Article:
How the government’s red cards pushed segregation in California cities [Interactive]

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Over the next three years, the federal agency refinanced more than one million homes. He provided long-term, low-interest loans to many new homeowners across the country, causing homeownership to increase dramatically over the following decades.

But only for some.

To show which areas were safe investments, HOLC gathered tons of local data to make “home security maps” of cities across the country. Neighborhoods have been classified into one of four categories based on “favorable” and “harmful” influences. Factors included the terrain and type and age of the buildings, as well as the “threat of infiltration of the foreign-born, black or lower-level population”.

The “A” areas, in green, were considered “hot spots”, where good mortgage lenders… “The“ C ”areas, in yellow, were considered to be in decline. And finally, the “D” areas, in red, were considered to be in decline, areas that lenders should avoid.

Not surprisingly, HOLC’s classification method has been heavily influenced by the racial and economic demographics of a neighborhood.

Private banks quickly adopted the government’s identification system, routinely denying home loans to residents of neighborhoods deemed to be at risk. The color coding of the cards became a verb: to mark a community in red was to mark it as junk and not worthy of investment.

Below are some of the original HOLC maps and recreated interactive versions, which use data collected by the University of Maryland T-Races Project. Created in the late 1930s, they exemplify HOLC’s neighborhood classification system for medium to large cities in the Bay Area and elsewhere in California. For interactive maps, click on each neighborhood to view copies of the original HOLC assessment surveys. Find additional maps for San Jose, Los Angeles, San Diego, and Stockton at the end of this article.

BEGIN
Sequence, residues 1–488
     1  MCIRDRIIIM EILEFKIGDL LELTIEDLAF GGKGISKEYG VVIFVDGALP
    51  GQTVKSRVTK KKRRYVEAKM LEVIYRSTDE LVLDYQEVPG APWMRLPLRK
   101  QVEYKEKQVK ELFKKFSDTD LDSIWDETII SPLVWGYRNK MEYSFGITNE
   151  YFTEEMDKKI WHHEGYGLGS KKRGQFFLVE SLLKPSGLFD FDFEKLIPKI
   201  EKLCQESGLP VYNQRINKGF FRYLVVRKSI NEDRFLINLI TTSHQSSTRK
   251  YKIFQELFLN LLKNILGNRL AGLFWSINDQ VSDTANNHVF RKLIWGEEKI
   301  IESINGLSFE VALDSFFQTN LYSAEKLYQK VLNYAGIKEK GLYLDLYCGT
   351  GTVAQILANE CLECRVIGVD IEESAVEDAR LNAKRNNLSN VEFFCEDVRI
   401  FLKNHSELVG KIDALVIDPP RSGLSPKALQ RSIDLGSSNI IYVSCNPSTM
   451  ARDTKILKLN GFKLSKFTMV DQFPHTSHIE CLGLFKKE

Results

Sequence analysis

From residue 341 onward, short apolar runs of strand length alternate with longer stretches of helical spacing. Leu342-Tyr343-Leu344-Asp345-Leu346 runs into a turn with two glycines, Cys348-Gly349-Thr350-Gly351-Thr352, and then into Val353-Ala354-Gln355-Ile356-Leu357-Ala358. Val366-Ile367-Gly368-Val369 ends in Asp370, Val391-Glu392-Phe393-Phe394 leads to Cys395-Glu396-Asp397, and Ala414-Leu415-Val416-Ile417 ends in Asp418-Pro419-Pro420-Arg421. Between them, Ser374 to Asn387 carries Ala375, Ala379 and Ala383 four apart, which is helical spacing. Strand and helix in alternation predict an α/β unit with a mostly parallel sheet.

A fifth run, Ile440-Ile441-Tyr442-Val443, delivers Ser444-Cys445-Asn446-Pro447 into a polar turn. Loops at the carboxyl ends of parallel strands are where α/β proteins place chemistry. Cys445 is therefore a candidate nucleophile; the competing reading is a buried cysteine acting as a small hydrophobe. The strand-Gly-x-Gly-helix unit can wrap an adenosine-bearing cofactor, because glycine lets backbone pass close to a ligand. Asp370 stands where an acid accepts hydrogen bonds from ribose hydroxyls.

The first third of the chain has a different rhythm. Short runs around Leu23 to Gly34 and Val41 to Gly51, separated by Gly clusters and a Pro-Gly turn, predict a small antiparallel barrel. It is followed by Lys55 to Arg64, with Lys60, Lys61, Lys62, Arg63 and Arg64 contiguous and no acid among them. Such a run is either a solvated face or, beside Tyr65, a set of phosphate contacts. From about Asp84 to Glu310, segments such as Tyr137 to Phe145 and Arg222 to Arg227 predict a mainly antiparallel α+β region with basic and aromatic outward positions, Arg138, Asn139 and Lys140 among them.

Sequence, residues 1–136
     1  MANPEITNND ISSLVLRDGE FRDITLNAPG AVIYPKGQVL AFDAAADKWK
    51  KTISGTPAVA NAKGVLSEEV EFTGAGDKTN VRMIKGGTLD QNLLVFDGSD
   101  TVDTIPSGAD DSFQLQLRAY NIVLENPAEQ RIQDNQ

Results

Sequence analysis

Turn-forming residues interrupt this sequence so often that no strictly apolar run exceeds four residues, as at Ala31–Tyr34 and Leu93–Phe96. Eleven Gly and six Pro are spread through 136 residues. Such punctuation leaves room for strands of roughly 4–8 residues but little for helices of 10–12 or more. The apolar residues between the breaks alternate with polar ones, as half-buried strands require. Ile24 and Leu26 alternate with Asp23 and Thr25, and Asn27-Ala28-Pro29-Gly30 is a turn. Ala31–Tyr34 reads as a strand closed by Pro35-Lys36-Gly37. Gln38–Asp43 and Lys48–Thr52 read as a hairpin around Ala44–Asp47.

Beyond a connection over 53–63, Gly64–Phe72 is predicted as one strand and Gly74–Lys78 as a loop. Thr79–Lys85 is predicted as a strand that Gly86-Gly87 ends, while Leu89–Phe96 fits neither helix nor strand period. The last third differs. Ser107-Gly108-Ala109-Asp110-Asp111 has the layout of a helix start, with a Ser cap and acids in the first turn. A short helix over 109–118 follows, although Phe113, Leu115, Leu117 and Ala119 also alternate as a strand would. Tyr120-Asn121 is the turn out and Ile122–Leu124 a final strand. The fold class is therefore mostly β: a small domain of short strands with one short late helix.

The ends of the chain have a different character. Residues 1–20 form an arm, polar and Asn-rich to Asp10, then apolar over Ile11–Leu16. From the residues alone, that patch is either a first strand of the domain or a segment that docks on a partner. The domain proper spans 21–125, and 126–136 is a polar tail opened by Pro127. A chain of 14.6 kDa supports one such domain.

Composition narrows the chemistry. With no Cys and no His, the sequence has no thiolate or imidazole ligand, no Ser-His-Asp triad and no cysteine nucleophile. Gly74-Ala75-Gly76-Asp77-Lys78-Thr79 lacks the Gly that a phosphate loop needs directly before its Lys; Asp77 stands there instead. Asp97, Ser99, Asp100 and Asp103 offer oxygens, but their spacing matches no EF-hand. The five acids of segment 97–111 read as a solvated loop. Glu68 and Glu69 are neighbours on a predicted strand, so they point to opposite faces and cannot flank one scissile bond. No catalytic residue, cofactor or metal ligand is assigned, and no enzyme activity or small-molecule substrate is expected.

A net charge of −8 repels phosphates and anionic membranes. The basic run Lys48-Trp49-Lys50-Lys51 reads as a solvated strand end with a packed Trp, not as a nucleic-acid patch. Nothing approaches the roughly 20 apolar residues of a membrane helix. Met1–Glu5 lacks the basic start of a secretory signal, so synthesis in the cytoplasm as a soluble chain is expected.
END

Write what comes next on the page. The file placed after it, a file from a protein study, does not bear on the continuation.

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University of Richmond Historian Robert K. Nelson, who heads the Redlining Richmond project describes the methodology:

Neighborhoods inexorably shrank as the housing stock deteriorated and housing styles went out of fashion, driving values ​​down to the point that a “lower level population” began to “infiltrate” the neighborhood. It was bad enough when these infiltrators were white working class or foreign born. Their presence compromised the social homogeneity of the neighborhood and accelerated the decline in the value of housing and the attractiveness of the neighborhood.

The movement of African Americans in a neighborhood was much worse according to this model, precipitating the permanent disappearance of its desirability and its “home security”. So while the HOLC ratings were given by weighing a variety of factors, including the age of the houses and the fashion of particular architectural styles, it is clear that the breed outweighed all others …

Although officially banned by the Fair Housing Act From 1968, the practice of neighborhood demarcation based on race and class had a lasting impact, depriving some neighborhoods of essential resources. And this, according to many, has helped determine the demographic and economic makeup of the neighborhoods we live in today.

More subtle forms of redlining continue, however, as evidenced by recent discriminatory lending practices. colonies and the problems of ‘Red retail line’, where companies avoid setting up in neighborhoods deemed undesirable.

See additional city HOLC maps at Urban Oasis Project.
SJ


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